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Ideas for a Serbian Themed Party
If you're watching a Serbia game with your friends, there are plenty of ideas to help you turn the event into a Serbian themed football party.
Although Fifa regards Serbia as a "direct descendent" of the former Yugoslavia, independent Serbia is the among world's newest international sides, only having been established after the 2006 World Cup. Serbia entered the 2006 World Cup as part of the Serbia & Montenegro team, failing to qualify for the finals. However, they had more success in 2010, reaching the finals in South Africa and even beating Germany in the group stage; however, this was not enough for them to get through to the knockout stages.
The culture of Serbia has been influenced by many other nations over the centuries, which given its geographical location should come as no surprise. Over the years the influences of Ancient Greece and Ancient Rome, the Ottoman Empire, the Austro-Hungarian Empire, Christianity, Islam and Communism have all been felt in the nation.
Serbia Party Decorations
Food for a Serbian Themed PartySerbia's traditional cuisine shows influences from local central European neighbours, and also Italy. This is mixed with a large influence from Turkey, Albania, Greece and the Middle East, bringing in pita breads, moussaka, kebabs and Turkish style breads, pastries and sweets. Dishes such as goulash and other stews are also common. Many regard Cevapcici as the national dish.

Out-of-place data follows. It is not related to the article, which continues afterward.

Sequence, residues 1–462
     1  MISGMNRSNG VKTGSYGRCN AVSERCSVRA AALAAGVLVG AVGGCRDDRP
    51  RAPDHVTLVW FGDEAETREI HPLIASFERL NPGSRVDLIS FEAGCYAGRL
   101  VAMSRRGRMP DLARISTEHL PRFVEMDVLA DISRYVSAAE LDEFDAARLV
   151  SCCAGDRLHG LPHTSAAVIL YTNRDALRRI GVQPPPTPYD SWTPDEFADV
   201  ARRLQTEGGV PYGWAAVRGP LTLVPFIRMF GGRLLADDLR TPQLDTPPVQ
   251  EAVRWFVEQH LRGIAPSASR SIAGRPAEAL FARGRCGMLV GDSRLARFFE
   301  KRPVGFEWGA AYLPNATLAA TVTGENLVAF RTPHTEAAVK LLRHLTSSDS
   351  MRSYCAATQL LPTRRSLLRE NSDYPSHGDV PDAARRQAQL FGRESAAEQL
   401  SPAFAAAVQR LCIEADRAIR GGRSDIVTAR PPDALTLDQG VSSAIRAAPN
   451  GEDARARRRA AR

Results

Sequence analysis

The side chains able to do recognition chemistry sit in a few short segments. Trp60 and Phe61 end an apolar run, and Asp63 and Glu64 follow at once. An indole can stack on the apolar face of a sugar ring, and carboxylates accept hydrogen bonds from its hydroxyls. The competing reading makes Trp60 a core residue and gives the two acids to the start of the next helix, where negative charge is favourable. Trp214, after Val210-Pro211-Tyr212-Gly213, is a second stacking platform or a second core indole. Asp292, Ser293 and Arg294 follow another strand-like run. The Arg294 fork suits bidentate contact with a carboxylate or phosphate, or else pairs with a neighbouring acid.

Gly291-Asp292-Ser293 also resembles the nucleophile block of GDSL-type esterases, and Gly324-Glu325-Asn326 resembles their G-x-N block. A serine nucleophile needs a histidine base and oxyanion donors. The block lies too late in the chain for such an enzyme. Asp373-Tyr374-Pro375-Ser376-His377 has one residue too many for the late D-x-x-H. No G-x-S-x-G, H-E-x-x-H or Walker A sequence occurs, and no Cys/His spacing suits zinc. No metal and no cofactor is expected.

It's also fair to say - without any disrespect - that the cuisine of Serbia is not too dissimilar to that of its near neighbours and other former Yugoslavian states, such as Montenegro, Macedonia, Bosnia, Albania and Croatia, so we will include "regional" recipes here where appropriate. Other recipes from these nations can be found on each country's individual page.
Just try some of these next time you are throwing a Serbian football party:
Drink for a Serbian Themed PartySerbia - like its near neighbours - produces wine, beer and brandy. The brandy is called "Rakija", and varieties produced from grapes and pears are available. However, the most popular in Serbia - and often regarded as the national drink - is plum brandy, or Slivovitz.
Of the locally produced beers, "Jelen" is the best known and most widely available brand. Serbian wine production is a long-standing tradition; Serbia produces both reds and whites, although sadly neither is easy to get hold of outside the region.